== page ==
1. There is no good reason to depart from the learned trial judge’s findings on credit and reliability, and his Honour’s acceptance of the medical evidence, particularly in so far as it revealed the symptoms suffered by Mr Marinkovic and the impact on his work capacity.
  2. For these reasons and those given earlier in respect of the findings concerning Mr Marinkovic’s credit and reliability, (paragraphs [17]-[45] above) the learned trial judge’s findings[84] as to impaired capacity to work were open and cannot be said to be against the evidence.

Assessment of economic loss

  1. The appellants contended that the learned trial judge erred in assessing the value of the lost earning capacity by reference to Mr Pantic’s offer of employment.  In addition to points made in relation to credit and reliability, and the attack on the evidentiary basis for a finding as to work incapacity, the appellants pointed to the findings about the tax returns, the unexplained absence of business or tax records (that might evidence wages and expenses), and the fact that the assessment was based on a finding that Mr Marinkovic was unable to work commercially as a tiler in his own business.[85]
  2. The start point for this discussion is the fact that the learned trial judge found that there was a loss of earning capacity as a consequence of the second accident.  For the reasons given earlier that finding is not shown to be in error.
  3. The learned trial judge acknowledged the difficulties in the task in assessing economic loss.  On the one hand not only was there no reliable evidence of what money Mr Marinkovic was making, but there was really no reliable evidence as to what sort of money one might reasonably expect a self-employed tiler to make, either working on his own or in a position where he had to employ someone to do the heavier parts of the work.[86]
  4. On the other hand, the finding was that he was quite limited in his ability to do anything physical with tiling, particularly because of the psychological problems, and that would have significantly impacted on his working capacity.  In the work he was doing for Mr Cowen, at $20 per hour, he was earning less than a tiler who could not do the heavier work.  His Honour found that the fact that he was doing that sort of work for Mr Cowen at all, for such modest remuneration, suggested that he really was struggling to do any sort of tiling work after the second accident.[87]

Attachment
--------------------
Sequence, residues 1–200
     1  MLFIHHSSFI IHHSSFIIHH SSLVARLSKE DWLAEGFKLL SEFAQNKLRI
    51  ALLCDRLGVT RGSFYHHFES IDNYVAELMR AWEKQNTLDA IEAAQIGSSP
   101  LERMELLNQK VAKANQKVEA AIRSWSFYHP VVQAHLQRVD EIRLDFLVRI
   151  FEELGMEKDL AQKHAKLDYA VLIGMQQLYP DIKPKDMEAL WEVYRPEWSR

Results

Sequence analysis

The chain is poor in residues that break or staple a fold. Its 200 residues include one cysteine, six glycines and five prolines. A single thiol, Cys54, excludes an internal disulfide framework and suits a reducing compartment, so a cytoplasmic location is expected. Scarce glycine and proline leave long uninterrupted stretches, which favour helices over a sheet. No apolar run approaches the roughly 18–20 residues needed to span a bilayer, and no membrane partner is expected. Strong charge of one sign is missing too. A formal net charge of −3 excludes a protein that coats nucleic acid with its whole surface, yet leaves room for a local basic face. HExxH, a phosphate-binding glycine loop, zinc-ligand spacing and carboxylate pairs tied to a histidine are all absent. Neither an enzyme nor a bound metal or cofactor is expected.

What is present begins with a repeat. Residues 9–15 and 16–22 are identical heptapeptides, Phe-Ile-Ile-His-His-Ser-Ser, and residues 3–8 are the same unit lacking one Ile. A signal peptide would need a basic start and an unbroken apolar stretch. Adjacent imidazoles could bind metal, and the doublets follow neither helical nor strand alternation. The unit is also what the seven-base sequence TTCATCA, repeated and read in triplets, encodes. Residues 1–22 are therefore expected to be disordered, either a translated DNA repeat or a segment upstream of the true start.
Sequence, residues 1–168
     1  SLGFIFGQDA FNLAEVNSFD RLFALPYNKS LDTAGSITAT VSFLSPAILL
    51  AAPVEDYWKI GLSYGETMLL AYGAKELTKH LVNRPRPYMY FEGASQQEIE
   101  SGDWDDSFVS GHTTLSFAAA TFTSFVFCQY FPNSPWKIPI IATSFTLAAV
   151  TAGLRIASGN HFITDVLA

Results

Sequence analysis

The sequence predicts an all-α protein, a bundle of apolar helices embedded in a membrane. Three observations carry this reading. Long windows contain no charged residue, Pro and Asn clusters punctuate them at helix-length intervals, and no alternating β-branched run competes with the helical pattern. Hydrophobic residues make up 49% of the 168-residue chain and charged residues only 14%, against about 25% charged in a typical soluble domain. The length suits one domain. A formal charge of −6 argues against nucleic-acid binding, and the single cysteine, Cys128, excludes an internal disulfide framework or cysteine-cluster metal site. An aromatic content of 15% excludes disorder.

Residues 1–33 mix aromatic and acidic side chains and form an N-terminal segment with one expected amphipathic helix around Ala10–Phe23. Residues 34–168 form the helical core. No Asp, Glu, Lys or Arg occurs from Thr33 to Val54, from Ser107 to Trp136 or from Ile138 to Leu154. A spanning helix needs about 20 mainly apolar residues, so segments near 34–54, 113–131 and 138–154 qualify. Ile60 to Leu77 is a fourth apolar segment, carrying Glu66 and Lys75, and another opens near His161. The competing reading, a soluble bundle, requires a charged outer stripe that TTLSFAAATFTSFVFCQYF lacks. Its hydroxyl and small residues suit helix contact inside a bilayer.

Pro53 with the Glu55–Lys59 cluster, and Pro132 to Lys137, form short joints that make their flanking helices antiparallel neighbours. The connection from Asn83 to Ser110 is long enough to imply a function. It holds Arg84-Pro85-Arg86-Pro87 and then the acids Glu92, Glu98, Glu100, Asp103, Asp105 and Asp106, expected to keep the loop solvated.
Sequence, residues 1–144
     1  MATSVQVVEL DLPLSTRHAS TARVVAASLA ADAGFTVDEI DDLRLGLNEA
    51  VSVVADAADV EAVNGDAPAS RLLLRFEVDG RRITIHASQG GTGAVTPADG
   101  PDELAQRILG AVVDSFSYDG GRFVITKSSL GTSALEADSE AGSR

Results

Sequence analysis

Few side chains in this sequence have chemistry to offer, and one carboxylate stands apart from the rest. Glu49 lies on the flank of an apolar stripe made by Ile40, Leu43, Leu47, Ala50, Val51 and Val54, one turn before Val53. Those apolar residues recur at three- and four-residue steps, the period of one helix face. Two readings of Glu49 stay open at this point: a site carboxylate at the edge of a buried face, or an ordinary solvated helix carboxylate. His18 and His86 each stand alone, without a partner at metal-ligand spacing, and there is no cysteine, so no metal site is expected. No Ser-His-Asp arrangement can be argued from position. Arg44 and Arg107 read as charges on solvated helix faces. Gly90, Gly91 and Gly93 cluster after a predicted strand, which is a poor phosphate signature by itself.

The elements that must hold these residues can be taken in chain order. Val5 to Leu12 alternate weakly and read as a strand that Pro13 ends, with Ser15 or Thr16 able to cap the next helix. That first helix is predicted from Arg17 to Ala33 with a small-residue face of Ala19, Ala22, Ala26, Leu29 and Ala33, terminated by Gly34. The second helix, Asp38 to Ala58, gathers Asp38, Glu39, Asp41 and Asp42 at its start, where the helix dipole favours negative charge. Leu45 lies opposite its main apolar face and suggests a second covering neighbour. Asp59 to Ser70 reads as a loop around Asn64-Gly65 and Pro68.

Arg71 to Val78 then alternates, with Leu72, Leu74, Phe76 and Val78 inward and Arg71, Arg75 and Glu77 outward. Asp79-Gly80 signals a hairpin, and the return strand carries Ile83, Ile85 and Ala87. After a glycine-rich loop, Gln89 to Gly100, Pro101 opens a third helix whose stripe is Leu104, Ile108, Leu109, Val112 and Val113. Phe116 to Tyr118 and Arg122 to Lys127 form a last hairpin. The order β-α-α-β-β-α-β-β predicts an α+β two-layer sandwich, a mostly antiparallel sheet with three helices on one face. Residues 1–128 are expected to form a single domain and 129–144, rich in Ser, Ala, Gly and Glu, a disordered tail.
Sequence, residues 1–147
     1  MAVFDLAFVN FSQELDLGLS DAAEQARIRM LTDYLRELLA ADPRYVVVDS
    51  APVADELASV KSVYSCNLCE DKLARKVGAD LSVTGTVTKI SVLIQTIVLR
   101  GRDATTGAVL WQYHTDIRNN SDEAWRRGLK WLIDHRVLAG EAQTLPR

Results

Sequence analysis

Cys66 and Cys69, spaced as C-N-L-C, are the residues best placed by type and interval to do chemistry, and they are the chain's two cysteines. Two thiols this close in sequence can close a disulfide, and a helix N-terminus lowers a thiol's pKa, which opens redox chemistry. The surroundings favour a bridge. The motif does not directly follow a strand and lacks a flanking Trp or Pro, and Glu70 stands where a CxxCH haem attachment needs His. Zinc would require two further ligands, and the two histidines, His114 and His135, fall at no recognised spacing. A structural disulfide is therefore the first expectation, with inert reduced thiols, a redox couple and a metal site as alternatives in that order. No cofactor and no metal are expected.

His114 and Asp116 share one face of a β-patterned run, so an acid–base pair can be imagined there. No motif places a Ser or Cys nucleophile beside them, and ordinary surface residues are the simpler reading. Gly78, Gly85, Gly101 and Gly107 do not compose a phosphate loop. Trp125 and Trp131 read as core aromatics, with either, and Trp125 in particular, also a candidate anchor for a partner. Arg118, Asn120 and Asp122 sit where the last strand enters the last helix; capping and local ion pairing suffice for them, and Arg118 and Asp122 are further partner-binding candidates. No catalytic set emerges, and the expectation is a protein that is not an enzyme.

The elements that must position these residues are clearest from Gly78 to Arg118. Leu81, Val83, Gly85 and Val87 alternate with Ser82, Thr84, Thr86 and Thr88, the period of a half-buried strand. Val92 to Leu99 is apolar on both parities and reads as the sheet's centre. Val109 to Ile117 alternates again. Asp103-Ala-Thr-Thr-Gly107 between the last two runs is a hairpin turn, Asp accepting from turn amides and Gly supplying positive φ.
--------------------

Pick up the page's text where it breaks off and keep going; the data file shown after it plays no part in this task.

5. Notwithstanding that difficulty his Honour’s task was to assess the economic loss that resulted from the reduced earning capacity.  Therefore the position that Mr Marinkovic was actually in at trial had to be compared to the position he would have been in, but for the second accident.
  6. The learned trial judge started with the actual position.  It was earning less than about $40,000 per annum, based on the rate he earned while working for Mr Cowen, and the fact that he turned down a full-time job at that rate.  As noted elsewhere the evidence of Mr Cowen was accepted.  The actual level was expressed in this way:[88]

“I conclude on the basis of the evidence that the true position is that [Mr Marinkovic] could do that sort of work for about half a day on most days, but occasionally there would be a bad day when he would not be able to cope, or perhaps a couple of bad days when he would only be able to do less work.  If [Mr Marinkovic] were able to move into working just on a supervisory basis that would be less physically demanding, but I think it is very likely that that would require a much better head for business than [Mr Marinkovic] has, particularly given the restriction associated with his psychiatric condition.  Realistically I think his current working capacity is about half a days work four days a week at about $20 per hour, or about $16,000 per annum.  The tax on an income of $16,000 was $1,500 in 2011 and 2012; thereafter no tax was payable on that income: Ex 22.”

  1. In my respectful view the reasoning to reach that finding is unimpeachable.  His Honour has worked on accepted evidence as to a rate, applied to an assessment, based on his Honour’s findings as to credit and reliability, of how long Mr Marinkovic was likely to work for each day and week.
  2. The learned trial judge then turned to an assessment of what could have been earned but for the second accident.  His Honour observed that there was “no evidence of what a self-employed tiler ought to be able to earn, either with or without the limitation which arose after the first accident, and … no reliable evidence as to what [Mr Marinkovic] was earning between the first and second accident”.[89]  So his Honour turned to the evidence he did have:[90]

“The evidence that I do have that I can regard as reliable is that in early 2010, prior to the second accident, [Mr Marinkovic] was offered a position by Mr Pantic at a salary of $86,000 per year, which initially he had been interested in taking up, but which he could not take up following the second accident.  I accept this evidence.  $86,000 per annum would carry a liability to pay $19,770 tax in 2011, so is the equivalent of $66,230 net of tax.”

  1. Three things are to be noted from that passage.  First, adoption of it was a consequence of his Honour’s acceptance of Mr Pantic as a witness of credit.  As noted earlier, there was no real attack on his credit.[91]  Secondly, his Honour found that the evidence was reliable.